I find the reassuring "Pop" of a cork part of my Bourbonic enjoyment. The glug, glug as bourbon comes through the neck of the bottle. The tinkling of an ice cube. Its all part of the experience.
When you want a fine wine, do you look for a screw off top? To me, way back in the back of my mind (behind all the cobwebs and useless trivia) cork says QUALITY. And for all of you who have problems with corks drying out and requiring replacement, last night I was on a mission to Bed Bath and Beyond for bar accessories and lo and behold there were bags of six replacement corks hanging on an end display. So rather than fish around for an old cork you've saved that may meet the same crumbling fate, there is a source for replacements.
I keep a little box of corks from the 'dead soldiers', partly because of some fine memories they went with, and partly because the corks come in handy from time to time when an in-use cork bites the dust (I, too, HATE when that happens, Tim!). The bottle corks are not tapered, so getting the right fit means trying a couple, but then it's perfect. Standard corks, like the drawerful in my lab, are tapered and I just could not bring myself to use one, even a new one, unless my box of used bottle corks was unavailable. They would be good with a jug, though.
I have an old "cork roller" in my lab. No need for it these days, since corks are not much used in chemistry labs, but it is an interesting device. It is hard to describe, but its purpose, I'm told, was to soften and "break in" a cork, so it would be easier to use, bore, etc.
Are the Bed Bath and Beyond corks tapered? Cheers, Ed
Ed, looked to me to be straight corks with plastic caps but I didn't inspect them too closely. I don't have anything old enough to need them yet. YET
I like corks because:
They sound cool
Opening a corked bottle makes me feel like I'm in a western
EC12YO has one
The number one reason, if a cork goes bad I have to drink all the bourbon in the bottle.
Definitely corks. Whether wine, beer, vodka, rum, or whiskey, I really like the cork. It just adds to the whole experience. Save the screwtops for milk and soda. On liquor I feel it adds a touch of class. On Wine, I demand it. I drink wine rarely, and always in the presence of company deserving of special treatment (females, preferably atractive ), and opening a corked bottle is just another part of the experience. Beer bottles with corks are actually fairly common on Belgian beer if you buy the 750ml bottles. It's topped off like a champagne bottle, with the little wire cage you untwist. Since those beers are large, strong, and expensive, they're special occasion beers for me, and firing off the cork sure is a lot of fun.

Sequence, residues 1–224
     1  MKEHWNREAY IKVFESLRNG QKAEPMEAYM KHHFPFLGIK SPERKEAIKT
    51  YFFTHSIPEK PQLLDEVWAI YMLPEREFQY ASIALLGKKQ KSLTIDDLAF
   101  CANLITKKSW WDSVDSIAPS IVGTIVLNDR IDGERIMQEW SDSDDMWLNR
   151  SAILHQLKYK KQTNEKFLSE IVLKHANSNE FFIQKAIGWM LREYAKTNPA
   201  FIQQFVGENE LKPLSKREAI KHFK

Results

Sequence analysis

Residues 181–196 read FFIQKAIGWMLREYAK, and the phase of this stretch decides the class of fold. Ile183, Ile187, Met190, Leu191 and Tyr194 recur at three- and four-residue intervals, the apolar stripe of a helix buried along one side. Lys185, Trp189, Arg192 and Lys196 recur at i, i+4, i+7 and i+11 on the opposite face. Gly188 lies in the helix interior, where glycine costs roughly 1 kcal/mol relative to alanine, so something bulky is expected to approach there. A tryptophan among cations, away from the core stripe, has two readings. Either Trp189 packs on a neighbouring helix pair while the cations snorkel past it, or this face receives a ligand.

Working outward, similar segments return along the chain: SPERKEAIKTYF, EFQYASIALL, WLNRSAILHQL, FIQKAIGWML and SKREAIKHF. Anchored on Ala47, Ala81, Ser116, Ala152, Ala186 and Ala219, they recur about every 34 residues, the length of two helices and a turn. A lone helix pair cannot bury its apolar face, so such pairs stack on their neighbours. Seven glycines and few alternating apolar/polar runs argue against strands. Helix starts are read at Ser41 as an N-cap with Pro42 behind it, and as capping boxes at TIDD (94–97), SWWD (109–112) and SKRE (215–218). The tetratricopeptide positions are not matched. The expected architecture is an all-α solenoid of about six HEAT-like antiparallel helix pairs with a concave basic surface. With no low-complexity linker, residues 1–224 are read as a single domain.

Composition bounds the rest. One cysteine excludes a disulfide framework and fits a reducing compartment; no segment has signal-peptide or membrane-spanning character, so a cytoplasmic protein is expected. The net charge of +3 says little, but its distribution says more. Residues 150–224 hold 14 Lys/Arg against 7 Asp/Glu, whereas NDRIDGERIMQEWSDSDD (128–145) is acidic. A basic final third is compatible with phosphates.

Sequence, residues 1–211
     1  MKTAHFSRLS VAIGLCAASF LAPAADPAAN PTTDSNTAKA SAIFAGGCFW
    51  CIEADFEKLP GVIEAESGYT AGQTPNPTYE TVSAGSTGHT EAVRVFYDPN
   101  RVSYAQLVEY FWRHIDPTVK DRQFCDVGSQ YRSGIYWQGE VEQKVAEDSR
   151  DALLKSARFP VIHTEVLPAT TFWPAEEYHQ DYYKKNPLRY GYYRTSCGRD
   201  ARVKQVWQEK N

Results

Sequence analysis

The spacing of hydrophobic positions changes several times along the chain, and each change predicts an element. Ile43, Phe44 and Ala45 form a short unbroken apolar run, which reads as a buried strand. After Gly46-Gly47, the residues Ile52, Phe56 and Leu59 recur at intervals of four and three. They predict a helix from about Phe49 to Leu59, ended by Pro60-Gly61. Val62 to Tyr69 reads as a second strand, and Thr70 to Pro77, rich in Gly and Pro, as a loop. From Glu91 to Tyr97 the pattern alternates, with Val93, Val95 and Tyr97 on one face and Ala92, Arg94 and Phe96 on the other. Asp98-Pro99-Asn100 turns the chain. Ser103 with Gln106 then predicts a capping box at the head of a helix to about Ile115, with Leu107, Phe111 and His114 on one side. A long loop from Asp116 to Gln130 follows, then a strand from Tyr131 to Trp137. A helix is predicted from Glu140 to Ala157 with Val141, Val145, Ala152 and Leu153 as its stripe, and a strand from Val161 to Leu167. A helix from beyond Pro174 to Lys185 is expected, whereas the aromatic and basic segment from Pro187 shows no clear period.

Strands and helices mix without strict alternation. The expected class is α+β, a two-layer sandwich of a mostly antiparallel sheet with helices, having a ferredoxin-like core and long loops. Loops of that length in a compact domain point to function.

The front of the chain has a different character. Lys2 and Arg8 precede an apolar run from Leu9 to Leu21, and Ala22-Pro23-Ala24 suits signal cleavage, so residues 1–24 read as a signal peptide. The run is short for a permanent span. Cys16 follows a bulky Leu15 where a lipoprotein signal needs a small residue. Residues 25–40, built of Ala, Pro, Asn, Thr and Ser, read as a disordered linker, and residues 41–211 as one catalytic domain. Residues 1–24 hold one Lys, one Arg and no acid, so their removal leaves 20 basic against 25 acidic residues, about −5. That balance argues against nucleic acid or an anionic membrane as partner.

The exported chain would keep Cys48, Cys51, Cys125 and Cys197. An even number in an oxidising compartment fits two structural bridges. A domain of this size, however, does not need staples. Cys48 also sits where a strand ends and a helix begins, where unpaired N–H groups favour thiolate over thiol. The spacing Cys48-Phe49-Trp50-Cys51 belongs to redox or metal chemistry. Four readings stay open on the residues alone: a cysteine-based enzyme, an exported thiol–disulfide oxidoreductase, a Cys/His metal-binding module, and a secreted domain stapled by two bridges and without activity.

Screwtop doesn't always mean "plonk" anymore. Aussies and New Zealanders especially have been involved with extensive study on long term effects of natural cork, synthetic cork, and screwtops on wines. Natural cork is losing out in those studies. The cork is a relic and associated with romance of opening bottles, but with taint and breakage often a problem, I'm all for the Stelvin closures or synthetic corks. Ages ago people closed up amphoras and other containers with rags or whatever they could think of. Imagine the talk that must have ensued when someone came up with this cork notion? "Give up my rags? You have to be kidding me?" Many wineries have moved to screw tops even on their high end bottlings. Randall Graham of Bonny Doon held a big hoopla here in NYC a while back where he took corks in a casket through Grand Central as a public way of saying, "Time to move on, folks." I have a section in my store just for quality screw top bottles to assist folks to begin thinking about it more positively.
I voted pro-cork.
Screwtops work fine, but as Dane has already touched on, I associate corked bottles with higher-end stuff. In fact, the only bourbon I drink regularly that DOESN'T have a cork is AAA 10yo.
A high end bourbon that i drink that has a screw top is four roses super premium... also the 15year van winkle... (price may not be high end, but the taste certainly is)... I'm suprised there are no bourbons with synthetic corks... I have popped quite a few bottles of wine with those 'fake' corks... some in the $10 range, but some in the $20 range as well, so it's not just a cheapness thing... you get the 'feel' and impression of quality of a cork, yet the synthetic cork will not rot on you or impart tastes upon the product...